A blockchain is a decentralized, distributed ledger that maintains a continuously growing list of records. In a blockchain, instead of a single entity holding the ledger, it’s spread across many different computers. A computer that is connected to the blockchain is called a node.
These nodes can be anywhere on the Internet and are maintained by volunteers in what is called a peer-to-peer network—a group of computers that talk to one another rather than playing the role of a client or a server.
Like any other ledger, the blockchain also records transactions. However, these transactions aren’t limited to financial exchanges; they can be any transfer of data or value. Once entered into the ledger as a “block,” the transaction cannot be altered without changing all subsequent blocks as well—hence why it’s called “blockchain.”
The benefit of this design is that there can be no single point of failure; even if one node gets compromised or stops working, there are plenty more to keep things running smoothly.
The idea for the original blockchain was first described in 1991 by Stuart Haber and W. Scott Stornetta. The two researchers wanted to implement a system where timestamps on documents could not be changed or tampered with.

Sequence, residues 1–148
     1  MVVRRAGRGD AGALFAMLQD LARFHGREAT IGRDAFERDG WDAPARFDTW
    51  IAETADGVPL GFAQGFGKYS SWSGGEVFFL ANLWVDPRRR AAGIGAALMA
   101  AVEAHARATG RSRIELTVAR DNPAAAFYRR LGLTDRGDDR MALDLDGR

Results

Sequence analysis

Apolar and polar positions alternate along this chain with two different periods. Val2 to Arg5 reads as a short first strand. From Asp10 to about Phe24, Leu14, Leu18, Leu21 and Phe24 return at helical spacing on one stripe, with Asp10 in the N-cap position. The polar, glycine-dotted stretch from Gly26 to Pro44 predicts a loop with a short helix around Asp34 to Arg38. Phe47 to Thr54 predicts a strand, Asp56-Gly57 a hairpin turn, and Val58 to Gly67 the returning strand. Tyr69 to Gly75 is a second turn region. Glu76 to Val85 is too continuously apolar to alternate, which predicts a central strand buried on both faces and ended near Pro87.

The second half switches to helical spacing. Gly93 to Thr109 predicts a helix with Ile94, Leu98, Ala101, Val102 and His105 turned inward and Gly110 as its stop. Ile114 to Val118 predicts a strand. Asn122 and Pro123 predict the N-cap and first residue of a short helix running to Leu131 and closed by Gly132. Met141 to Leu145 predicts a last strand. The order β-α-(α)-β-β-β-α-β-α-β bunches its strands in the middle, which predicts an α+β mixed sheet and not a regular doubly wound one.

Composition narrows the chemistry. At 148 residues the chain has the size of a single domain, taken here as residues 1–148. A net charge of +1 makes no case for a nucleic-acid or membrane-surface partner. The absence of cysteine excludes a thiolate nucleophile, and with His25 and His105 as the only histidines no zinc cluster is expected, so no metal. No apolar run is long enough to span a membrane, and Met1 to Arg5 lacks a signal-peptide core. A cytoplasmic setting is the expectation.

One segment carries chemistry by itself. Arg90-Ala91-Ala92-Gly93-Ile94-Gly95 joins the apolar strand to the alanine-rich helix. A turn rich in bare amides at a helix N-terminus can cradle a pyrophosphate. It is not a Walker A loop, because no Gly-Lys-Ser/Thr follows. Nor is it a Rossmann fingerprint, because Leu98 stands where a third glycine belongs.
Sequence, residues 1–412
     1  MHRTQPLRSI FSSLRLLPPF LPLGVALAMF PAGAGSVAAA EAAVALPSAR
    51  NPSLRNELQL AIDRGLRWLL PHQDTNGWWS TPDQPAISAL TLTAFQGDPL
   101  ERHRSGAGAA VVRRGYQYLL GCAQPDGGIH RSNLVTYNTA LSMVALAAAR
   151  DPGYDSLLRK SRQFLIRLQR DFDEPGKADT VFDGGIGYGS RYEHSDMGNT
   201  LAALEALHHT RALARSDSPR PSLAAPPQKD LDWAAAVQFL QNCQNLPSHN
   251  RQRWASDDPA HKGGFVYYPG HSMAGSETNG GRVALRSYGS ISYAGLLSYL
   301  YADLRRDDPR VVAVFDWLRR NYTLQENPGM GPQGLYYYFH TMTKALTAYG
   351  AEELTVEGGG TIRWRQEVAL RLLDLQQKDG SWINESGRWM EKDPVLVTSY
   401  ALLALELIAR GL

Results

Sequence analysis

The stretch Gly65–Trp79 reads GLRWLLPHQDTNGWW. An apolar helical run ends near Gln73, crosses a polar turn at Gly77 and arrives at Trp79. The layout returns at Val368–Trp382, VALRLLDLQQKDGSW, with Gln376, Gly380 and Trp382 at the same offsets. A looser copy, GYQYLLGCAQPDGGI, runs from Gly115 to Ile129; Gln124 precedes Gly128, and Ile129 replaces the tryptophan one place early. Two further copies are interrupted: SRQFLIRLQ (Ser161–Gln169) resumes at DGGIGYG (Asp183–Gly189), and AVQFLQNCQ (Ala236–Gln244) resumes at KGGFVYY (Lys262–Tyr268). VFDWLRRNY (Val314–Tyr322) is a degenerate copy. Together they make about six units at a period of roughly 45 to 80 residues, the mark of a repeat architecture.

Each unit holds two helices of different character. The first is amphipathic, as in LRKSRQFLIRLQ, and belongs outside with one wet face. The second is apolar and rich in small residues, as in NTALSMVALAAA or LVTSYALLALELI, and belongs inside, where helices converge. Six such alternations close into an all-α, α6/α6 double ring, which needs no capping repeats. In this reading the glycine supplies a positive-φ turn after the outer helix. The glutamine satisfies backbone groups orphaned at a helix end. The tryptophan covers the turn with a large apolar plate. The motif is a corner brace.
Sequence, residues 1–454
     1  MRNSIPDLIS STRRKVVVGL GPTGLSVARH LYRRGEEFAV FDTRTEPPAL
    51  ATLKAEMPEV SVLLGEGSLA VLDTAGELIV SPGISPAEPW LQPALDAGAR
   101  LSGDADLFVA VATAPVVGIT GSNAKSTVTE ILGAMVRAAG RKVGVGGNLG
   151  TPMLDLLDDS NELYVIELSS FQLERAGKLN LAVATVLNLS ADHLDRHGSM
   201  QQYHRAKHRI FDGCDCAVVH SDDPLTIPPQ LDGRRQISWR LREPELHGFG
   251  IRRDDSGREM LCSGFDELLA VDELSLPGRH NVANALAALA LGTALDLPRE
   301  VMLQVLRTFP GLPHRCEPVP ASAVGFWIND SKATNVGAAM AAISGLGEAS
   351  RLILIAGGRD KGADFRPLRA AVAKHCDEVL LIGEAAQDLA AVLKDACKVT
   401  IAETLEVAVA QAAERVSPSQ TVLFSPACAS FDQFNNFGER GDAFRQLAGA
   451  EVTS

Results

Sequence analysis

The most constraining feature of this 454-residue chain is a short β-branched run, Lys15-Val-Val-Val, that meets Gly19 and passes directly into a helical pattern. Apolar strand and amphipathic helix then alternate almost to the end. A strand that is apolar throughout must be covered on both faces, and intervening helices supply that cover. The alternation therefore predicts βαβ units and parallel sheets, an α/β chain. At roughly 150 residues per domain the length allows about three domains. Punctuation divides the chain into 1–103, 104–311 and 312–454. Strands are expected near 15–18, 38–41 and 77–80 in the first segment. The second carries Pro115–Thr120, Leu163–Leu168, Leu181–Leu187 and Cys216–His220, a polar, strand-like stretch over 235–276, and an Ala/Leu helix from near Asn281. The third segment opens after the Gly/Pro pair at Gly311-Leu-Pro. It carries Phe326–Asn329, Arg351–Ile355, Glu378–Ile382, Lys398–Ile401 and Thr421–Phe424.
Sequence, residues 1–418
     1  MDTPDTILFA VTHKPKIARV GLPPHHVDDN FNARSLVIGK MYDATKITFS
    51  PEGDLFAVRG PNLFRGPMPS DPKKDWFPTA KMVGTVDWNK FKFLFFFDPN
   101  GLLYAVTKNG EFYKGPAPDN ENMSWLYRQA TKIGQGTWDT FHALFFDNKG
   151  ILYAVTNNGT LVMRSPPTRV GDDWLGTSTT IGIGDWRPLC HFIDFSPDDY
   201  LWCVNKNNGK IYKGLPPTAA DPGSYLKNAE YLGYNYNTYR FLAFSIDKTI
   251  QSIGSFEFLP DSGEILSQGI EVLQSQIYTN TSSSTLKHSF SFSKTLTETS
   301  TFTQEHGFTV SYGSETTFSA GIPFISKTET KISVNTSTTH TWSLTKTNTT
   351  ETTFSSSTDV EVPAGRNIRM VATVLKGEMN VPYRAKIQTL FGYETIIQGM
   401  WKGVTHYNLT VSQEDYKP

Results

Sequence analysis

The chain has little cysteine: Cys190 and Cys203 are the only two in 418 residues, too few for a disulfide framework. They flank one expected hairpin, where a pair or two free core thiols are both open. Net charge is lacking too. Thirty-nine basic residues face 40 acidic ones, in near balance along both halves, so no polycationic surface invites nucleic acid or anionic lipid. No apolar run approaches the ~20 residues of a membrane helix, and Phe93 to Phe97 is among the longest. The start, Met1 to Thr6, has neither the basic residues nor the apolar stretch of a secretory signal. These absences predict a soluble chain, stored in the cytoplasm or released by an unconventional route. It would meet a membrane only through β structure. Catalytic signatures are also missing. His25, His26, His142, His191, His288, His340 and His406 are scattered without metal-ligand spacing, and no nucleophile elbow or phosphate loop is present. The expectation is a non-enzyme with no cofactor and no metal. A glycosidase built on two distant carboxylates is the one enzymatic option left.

They wanted to solve this problem by using a cryptographic hash function, which links together a block of data that has no specific shape or size (such as a document or email) to the previous block.
Every subsequent block contains its unique data, along with a link to the previous one. It’s like how you can always trace back your route when traveling on a road trip: if you stop at Mcdonald’s in Albuquerque, New Mexico, your next stop will put you on another road, but if you take that same road out of town and back again—well then you’re just going around in circles.
The mysterious Satoshi Nakomoto published the whitepaper for the first Blockchain finely tuned to mining cryptocurrency in 2008, and the first Bitcoin was mined in 2009, building on Nakomoto’s system. The value of Bitcoin has only soared since then, setting the gold standard for cryptocurrency value.
As you can tell, blockchain has a bit of history by now, so it might be daunting for a newcomer to enter its hallowed halls. To mitigate these fears, we’ve put together a list of features associated with blockchain and cryptocurrency, so you can get into it a little easier.